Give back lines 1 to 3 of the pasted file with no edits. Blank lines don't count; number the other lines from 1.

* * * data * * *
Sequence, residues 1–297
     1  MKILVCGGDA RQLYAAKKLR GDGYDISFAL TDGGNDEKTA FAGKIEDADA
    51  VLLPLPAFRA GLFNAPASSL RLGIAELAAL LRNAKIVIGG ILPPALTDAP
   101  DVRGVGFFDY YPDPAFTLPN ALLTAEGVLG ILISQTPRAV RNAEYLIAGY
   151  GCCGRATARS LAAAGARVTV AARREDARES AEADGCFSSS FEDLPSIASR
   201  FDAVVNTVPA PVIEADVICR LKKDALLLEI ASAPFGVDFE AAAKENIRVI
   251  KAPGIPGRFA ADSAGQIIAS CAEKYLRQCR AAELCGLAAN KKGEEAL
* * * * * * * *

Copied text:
Sequence, residues 1–297
     1  MKILVCGGDA RQLYAAKKLR GDGYDISFAL TDGGNDEKTA FAGKIEDADA
    51  VLLPLPAFRA GLFNAPASSL RLGIAELAAL LRNAKIVIGG ILPPALTDAP